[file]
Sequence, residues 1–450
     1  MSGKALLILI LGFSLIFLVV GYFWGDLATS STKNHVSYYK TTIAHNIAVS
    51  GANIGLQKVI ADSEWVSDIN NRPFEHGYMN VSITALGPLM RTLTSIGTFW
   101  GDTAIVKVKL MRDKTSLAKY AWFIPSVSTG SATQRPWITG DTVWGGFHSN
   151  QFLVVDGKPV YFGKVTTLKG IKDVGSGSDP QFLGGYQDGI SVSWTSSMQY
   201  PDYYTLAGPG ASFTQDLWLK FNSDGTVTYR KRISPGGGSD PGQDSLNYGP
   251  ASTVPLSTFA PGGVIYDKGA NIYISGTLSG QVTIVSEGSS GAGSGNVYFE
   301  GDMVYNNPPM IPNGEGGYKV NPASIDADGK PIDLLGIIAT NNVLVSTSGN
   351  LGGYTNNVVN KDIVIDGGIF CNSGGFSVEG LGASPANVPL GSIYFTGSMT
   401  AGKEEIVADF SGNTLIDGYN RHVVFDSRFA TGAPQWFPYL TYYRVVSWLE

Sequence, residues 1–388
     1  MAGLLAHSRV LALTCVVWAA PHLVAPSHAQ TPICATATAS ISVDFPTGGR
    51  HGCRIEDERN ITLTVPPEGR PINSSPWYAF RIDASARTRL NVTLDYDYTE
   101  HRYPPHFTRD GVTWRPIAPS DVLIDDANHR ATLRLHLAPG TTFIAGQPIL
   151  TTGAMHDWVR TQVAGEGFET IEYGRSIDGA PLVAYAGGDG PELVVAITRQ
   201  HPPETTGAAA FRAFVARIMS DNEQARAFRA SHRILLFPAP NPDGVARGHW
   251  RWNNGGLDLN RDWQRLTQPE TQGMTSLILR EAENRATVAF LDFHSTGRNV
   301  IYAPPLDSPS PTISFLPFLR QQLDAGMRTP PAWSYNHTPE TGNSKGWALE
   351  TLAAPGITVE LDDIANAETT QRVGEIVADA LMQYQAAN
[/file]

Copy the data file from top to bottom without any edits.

Sequence, residues 1–450
     1  MSGKALLILI LGFSLIFLVV GYFWGDLATS STKNHVSYYK TTIAHNIAVS
    51  GANIGLQKVI ADSEWVSDIN NRPFEHGYMN VSITALGPLM RTLTSIGTFW
   101  GDTAIVKVKL MRDKTSLAKY AWFIPSVSTG SATQRPWITG DTVWGGFHSN
   151  QFLVVDGKPV YFGKVTTLKG IKDVGSGSDP QFLGGYQDGI SVSWTSSMQY
   201  PDYYTLAGPG ASFTQDLWLK FNSDGTVTYR KRISPGGGSD PGQDSLNYGP
   251  ASTVPLSTFA PGGVIYDKGA NIYISGTLSG QVTIVSEGSS GAGSGNVYFE
   301  GDMVYNNPPM IPNGEGGYKV NPASIDADGK PIDLLGIIAT NNVLVSTSGN
   351  LGGYTNNVVN KDIVIDGGIF CNSGGFSVEG LGASPANVPL GSIYFTGSMT
   401  AGKEEIVADF SGNTLIDGYN RHVVFDSRFA TGAPQWFPYL TYYRVVSWLE

Sequence, residues 1–388
     1  MAGLLAHSRV LALTCVVWAA PHLVAPSHAQ TPICATATAS ISVDFPTGGR
    51  HGCRIEDERN ITLTVPPEGR PINSSPWYAF RIDASARTRL NVTLDYDYTE
   101  HRYPPHFTRD GVTWRPIAPS DVLIDDANHR ATLRLHLAPG TTFIAGQPIL
   151  TTGAMHDWVR TQVAGEGFET IEYGRSIDGA PLVAYAGGDG PELVVAITRQ
   201  HPPETTGAAA FRAFVARIMS DNEQARAFRA SHRILLFPAP NPDGVARGHW
   251  RWNNGGLDLN RDWQRLTQPE TQGMTSLILR EAENRATVAF LDFHSTGRNV
   301  IYAPPLDSPS PTISFLPFLR QQLDAGMRTP PAWSYNHTPE TGNSKGWALE
   351  TLAAPGITVE LDDIANAETT QRVGEIVADA LMQYQAAN